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Quest for the Blade of Ataros-Part II
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 PostPosted: Wed Mar 20, 2002 2:18 am    Post subject: Quest for the Blade of Ataros-Part II Reply with quote Back to top

The cliffs of the Silver Island drew closer and closer. As the Firebolt coasting along beneath the cliffs, greenery become apparent at their tops. The steep sides of the Island became lower as they progressed west; eventually they came to a deep natural harbour. This was filled was filled with tall ships of every rig and size; the Archipelago and especially its capital was a centre of trade for realms far outside the knowledge of Ardania. Above the tall masts loomed white walls and towers, marble minarets and silver spires; Temples, Guilds, and, above all, the massive tiers and domes of a great Palace.
"Behold!" cried S'cherque, grandly extending his arm toward the city. "Argentilun, capital of the Archipelago!"
"Magnificent," said Divinia, eyes shining.
"Awesome," murmured Darnath.
"Quite amazing," said Tauridus. "I had no idea that such wonders existed beyond the bounds of Ardania."
"Well, actually," said Lozol, "the Guild in Valmorgen has heard wisps of rumours about such places. But the reality! Think of the Libraries, the Gardens of such a metropolis!"
Divinia was basking in the radiance of a city that surpassed all that she had imagined. Her reflections were disturbed by atug on her arm. Kliven was pulling on the Paladin's sleeve, a frown creasing his forward.
"All is not right here," he whispered in her ear.
S'cherque, too, seemed disconcerted. "That's funny," he muttered. "I don't see any ships bearing the Royal Crest. King Hermenistar always had ships on hand, to greet newcomers, collect duties, make inspections, and everything else."
"Is that the Royal Crest?" asked Tasty, pointed to a long, sleek one-masted vessel which was rapidly being propelled toward them by some twoscore oars. The hull and mast were fashioned of some golden-hued wood. The sailors who could be seen on the decks wore silver-grey tunics, wih some, with some, apparently officers or officials, wearing rich purple cloaks. The single great sail, and well as the flags at the masthead and over the sterncastle, depicted a silver crescent moon, gleaming against the same, deep purple.
"No, that's not Hermenistar's symbol," said S'cherque. "Nothing like it. The Royal Crest of the Archipelago was a golden lion's head, crowned and under six stars and the moon, on a crimson field."
"You're well-versed in heraldry," said Tauridus.
"Heh. Despite my appearance, I'm pretty well-versed in most topics. You have to be in the privateering trade."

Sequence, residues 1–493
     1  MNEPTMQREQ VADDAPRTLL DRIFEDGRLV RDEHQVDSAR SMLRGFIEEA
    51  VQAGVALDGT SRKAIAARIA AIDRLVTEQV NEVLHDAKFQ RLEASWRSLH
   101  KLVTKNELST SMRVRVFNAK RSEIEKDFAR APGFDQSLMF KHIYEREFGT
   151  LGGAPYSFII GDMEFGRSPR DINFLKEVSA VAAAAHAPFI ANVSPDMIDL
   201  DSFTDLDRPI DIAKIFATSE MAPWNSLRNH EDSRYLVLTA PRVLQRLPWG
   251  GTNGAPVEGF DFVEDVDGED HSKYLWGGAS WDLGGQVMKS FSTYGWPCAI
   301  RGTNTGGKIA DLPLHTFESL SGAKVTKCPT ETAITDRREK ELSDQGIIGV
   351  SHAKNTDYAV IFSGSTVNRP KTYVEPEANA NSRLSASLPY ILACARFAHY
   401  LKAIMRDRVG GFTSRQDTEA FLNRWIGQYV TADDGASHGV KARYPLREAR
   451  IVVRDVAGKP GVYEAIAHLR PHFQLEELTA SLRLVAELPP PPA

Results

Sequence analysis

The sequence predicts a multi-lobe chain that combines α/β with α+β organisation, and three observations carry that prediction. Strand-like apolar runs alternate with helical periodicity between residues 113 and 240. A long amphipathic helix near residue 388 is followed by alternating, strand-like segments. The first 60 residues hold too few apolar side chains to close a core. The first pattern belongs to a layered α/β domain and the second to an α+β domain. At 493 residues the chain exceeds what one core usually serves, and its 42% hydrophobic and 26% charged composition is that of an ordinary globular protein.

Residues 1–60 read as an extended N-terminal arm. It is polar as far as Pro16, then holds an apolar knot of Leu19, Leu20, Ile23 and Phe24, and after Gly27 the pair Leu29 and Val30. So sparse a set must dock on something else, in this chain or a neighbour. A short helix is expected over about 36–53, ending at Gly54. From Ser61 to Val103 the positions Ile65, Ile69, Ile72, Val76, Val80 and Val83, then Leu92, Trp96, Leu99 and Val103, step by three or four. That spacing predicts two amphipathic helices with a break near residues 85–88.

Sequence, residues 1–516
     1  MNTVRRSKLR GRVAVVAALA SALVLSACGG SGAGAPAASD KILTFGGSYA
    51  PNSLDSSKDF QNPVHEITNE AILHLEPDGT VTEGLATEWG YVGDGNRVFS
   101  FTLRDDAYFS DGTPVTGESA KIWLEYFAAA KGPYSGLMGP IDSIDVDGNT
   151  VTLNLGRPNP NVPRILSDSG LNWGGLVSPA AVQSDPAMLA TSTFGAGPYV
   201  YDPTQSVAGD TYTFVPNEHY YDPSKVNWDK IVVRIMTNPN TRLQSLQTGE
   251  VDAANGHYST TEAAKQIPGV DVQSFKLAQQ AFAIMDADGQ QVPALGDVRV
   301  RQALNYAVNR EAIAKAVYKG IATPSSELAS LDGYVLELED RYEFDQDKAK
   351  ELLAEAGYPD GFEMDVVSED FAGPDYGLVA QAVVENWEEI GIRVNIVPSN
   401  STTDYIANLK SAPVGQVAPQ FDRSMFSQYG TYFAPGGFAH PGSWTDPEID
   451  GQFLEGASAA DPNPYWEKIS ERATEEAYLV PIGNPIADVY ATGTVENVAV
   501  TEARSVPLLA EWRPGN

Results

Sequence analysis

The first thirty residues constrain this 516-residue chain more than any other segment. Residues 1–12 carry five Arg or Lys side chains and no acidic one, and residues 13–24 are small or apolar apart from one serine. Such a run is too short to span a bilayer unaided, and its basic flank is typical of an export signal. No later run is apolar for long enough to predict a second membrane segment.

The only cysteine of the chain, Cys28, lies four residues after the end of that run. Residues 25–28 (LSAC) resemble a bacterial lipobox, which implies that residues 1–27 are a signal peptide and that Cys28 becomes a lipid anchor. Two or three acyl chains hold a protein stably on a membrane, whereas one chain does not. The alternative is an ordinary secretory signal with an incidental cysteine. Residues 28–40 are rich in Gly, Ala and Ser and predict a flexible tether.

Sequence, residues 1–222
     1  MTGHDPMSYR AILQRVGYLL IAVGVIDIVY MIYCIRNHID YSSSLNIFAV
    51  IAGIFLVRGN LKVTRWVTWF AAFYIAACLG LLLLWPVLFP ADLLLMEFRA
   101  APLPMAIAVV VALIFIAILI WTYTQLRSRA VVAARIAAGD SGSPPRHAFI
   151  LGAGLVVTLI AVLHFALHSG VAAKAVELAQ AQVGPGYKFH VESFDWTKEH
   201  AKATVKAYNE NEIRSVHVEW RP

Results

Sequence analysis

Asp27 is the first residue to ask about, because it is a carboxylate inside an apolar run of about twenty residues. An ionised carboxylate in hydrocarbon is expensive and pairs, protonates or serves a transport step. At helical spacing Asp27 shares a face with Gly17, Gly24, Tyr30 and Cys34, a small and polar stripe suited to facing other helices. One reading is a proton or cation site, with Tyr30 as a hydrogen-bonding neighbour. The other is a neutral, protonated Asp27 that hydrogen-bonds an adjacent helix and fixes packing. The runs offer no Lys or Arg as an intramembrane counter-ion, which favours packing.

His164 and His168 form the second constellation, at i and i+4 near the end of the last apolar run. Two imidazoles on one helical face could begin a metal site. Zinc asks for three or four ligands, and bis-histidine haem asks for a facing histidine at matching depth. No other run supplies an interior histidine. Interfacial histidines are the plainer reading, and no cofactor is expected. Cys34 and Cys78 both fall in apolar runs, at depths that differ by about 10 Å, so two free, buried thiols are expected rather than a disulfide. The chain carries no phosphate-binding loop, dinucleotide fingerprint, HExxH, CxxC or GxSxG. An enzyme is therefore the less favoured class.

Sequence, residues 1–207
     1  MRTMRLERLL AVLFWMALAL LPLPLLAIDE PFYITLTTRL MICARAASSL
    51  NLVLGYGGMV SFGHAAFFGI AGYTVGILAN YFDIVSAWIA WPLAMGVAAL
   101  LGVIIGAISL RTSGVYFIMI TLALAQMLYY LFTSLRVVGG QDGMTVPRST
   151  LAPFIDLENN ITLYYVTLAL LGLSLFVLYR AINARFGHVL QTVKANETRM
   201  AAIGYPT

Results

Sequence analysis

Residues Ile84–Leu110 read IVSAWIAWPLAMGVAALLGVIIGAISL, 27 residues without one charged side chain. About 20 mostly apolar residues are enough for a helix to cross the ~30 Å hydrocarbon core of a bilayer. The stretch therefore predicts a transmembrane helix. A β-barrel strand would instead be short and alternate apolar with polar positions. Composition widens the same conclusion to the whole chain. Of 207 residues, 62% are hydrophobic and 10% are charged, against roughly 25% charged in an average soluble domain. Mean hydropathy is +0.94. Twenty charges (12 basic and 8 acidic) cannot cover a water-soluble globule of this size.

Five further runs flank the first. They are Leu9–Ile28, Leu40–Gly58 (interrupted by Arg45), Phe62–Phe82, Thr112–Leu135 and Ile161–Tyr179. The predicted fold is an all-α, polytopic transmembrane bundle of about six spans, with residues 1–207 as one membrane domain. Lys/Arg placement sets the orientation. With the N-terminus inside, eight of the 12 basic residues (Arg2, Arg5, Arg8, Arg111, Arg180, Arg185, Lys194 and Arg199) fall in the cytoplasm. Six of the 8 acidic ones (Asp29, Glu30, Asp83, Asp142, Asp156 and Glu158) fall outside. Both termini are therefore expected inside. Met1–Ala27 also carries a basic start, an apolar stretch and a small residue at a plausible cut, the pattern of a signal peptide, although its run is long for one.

"Ho there!" cried a deep voice from the approaching vessel. "What is your business in the Archipelago?"
"Give me something to amplify my voice," ordered Divinia.
"Don't bother," Lozol said to the Captain. The aging Wizard fished around in his robes, muttering, "Where did I put thar spellbok?" Finaly he came up with a battered, dog-eared tome and began flipping through its pages.
"What delays you?" said the voice.
"Aha!" cried Lozol in triumph. He mumbled something, producing a subdued flash. "There you go."
"Thank you," said Divinia. She looked to the oncoming ship. "Hello to you! We are but travellers, wayfarers on the sea in pursuit of a great Quest. We bear no ill intent toward your nation."
"A Quest?" replied the voice. They could now see a man, in golden robes, with purple cloak, holding a trumpet to his mouth. "For whom is this Quest done, and in pursuit of what?"
"Truly," replied Divinia, with a trace of frost, "I do not think that it is your concern. If you must know, however, we seek the Blade of Ataros. We are sponsored by the Law Giver, Dauros Himself!"
The ships drew even. There was silence for a while, as the speaker conferred with another man, this one holding a staff of the golden wood. At last the first man spoke.
"Welcome, then, to the City of Argentilun, in the name of the Divine Lunord and of His Imerperial Majesty Ellixar, first Emperor of the House of Ranas!"
"Emperor?" whispered Tauridus to S'cherque. "I thought you said they were ruled by a King?"
"I did. Of House Silveras."
"We thank you!" said Divinia to the man.
"Again, we welcome you to our city. As we do not often receive visitors from the northern lands, I extend to you the hospitality of the Imperial Palace. Please, alow our vessel to conduct you to the pier."
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 PostPosted: Wed Mar 20, 2002 5:45 pm    Post subject: Quest for the Blade of Ataros-Part II Reply with quote Back to top

The Firebolt followed the imperial ship through the maze of vessels in the harbour. The heroes, as wel as S'cherque, had all lapsed into a gloomy silence. The information that neither King Hermenistar nor one of his relatives ruled was disturbing. Divinia, too, puzzled over Kliven's whispered warning.
"Here we are!" said the man in the golden robe. His ship was being moored on one side of a long pier; the Firebolt nudged into position on the other side. Several sailors, led by Ferrik, leapt overboard, and began to tie up the privateering ship. Divinia and her companion descended a gangplank onto the pier. There they were joined by the man in the golden robe, and his friend with the golden staff.
"Again, welcome to Argentilun," said the first man. He was a moderate sized man, with a well-combed mass of black hair. "I am Zilmer Acrail, Chief Harbourmaster. Which of you is the owner or captain of this ship?"
"I am," said S'cherque, coming down the gangplank after the others.